Sulfated Polysaccharides, but Not Cellulose, Increase Colonic Mucus in Rats with Loperamide-Induced Constipation

Biological Science Laboratories, Kao Corporation, Haga-gun, Tochigi, Japan.
Digestive Diseases and Sciences (Impact Factor: 2.61). 08/2001; 46(7):1482-9. DOI: 10.1023/A:1010644021888
Source: PubMed


Colonic mucus is decreased in a rat model of spastic constipation, and some types of water-insoluble dietary fiber increase colonic mucus when consumed by rats for several weeks. However, little is known about the effect of water-soluble dietary fiber on the colonic mucus. The aim of the present study was to investigate the effect of various types of water-soluble dietary fiber on colonic mucus in a rat model of spastic constipation. Oral administration of 1.5 mg/day of carrageenan and chondroitin sulfate increased the fecal excretion, epithelial mucin production, thickness of the mucous layer, and amount of luminal mucus in loperamide-administered rats. Sodium alginate, 5 mg/day, thickened the mucus layer at the fecal surface. Cellulose, 5 mg/day, increased the fecal excretion but not the colonic mucus. Carrageenan, chondroitin sulfate, and sodium alginate, but not cellulose, increased colonic mucus in the rat model of spastic constipation.

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    • "Similar effects were noted in more recent studies where long-term administration of high butyrate concentrations (100 mM) directly into the mouse colon over a 7-day period resulted in an upregulation of Muc2 gene expression, but a reduction in the histologically assessed adherent mucus layer was noted [88]. Mechanistic studies have suggested that mucin output [89] and upregulation of MUC2 gene expression [90] are dependent on cholinergic pathways and myofibroblast-derived prostaglandins, respectively. "
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    • "volume to feaces. Other benefits of IDF include reduction Sample material and chemicals: Oat grains of cultivar in bowel transit time (Shimotoyodome et al., 2001), Avon was obtained from Fodder Research Institute, prevention of constipation and lessening the risk o f Sargodha. Grains were milled in a high-speed pin mill colorectal cancer (Bingham, 1990; Hill, 1997). "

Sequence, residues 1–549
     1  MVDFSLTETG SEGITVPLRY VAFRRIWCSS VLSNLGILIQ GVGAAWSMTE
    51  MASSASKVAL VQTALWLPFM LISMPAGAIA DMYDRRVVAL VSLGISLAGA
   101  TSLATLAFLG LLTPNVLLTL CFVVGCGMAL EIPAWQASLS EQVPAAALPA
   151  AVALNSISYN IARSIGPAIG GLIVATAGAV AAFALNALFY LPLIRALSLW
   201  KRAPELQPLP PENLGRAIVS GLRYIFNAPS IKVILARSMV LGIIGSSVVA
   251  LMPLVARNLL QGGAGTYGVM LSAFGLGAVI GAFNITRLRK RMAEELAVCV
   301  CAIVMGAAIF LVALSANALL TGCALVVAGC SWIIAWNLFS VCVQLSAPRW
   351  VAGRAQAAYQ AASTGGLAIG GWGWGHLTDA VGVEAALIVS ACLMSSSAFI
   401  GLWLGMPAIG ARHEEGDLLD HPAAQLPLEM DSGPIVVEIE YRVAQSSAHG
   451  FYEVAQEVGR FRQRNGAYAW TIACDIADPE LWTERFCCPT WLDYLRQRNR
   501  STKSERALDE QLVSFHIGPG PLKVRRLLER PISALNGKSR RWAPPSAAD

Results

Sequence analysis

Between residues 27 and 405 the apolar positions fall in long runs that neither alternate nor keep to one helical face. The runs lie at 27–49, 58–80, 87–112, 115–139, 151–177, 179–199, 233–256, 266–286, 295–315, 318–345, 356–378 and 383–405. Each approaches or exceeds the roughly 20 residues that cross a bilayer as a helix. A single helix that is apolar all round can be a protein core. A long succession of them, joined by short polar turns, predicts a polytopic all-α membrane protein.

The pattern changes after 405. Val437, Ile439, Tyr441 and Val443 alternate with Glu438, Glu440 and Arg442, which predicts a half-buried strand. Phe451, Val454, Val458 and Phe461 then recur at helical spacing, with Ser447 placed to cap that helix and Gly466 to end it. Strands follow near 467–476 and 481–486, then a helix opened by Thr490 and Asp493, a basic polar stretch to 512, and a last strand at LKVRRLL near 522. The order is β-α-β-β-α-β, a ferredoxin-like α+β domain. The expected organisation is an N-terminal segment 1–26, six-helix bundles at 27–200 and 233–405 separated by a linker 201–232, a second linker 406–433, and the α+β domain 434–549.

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    • "This is in contrast to other studies where high-DF diets compared with 321 low-DF diets increased the number of mucin secreting goblets cells in rats (Enss et al., 1994; 322 Sakata, 1997) resulting in a possible increase in protection of the gut (Brownlee et al., 2003). A 323 study by Shimotoyodome et al. (2001) "
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    ABSTRACT: In this study, the effect of feeding different types and amounts of dietary fiber (DF) on luminal environment and morphology in the small and large intestine of sows was studied. Three diets, a low-fiber diet (LF) and 2 high-fiber diets (high fiber 1, HF1, and high fiber 2, HF2) were used. Diet LF (DF, 17%; soluble DF 4.6%) was based on wheat and barley, whereas the 2 high-fiber diets (HF1: DF, 43%; soluble DF, 11.0%; and HF2: DF, 45%; soluble DF, 7.6%) were based on wheat and barley supplemented with different coproducts from the vegetable food and agroindustry (HF1 and HF2: sugar beet pulp, potato pulp, and pectin residue; HF2: brewers spent grain, seed residue, and pea hull). The diets were fed for a 4-wk period to 12 sows (4 receiving each diet). Thereafter, the sows were killed 4 h postfeeding, and digesta and tissue samples were collected from various parts of the small and large intestine. The carbohydrates in the LF diet were well digested in the small intestine, resulting in less digesta in all segments of the intestinal tract. The fermentation of nonstarch polysaccharides in the large intestine was affected by the chemical composition and physicochemical properties. The digesta from pigs fed the LF diet provided low levels of fermentable carbohydrates that were depleted in proximal colon, whereas for pigs fed the 2 high-DF diets, the digesta was depleted of fermentable carbohydrates at more distal locations of the colon. The consequence was an increased retention time, greater DM percentage, decreased amount of material, and a decreased tissue weight after feeding the LF diet compared with the HF diets. The concentration of short-chain fatty acids was consistent with the fermentability of carbohydrates in the large intestine, but there was no effect of the dietary composition on the molar short-chain fatty acid proportions. It was further shown that feeding the diet providing the greatest amount of fermentable carbohydrates (diet HF1, which was high in soluble DF) resulted in significant morphological changes in the colon compared with the LF diet.
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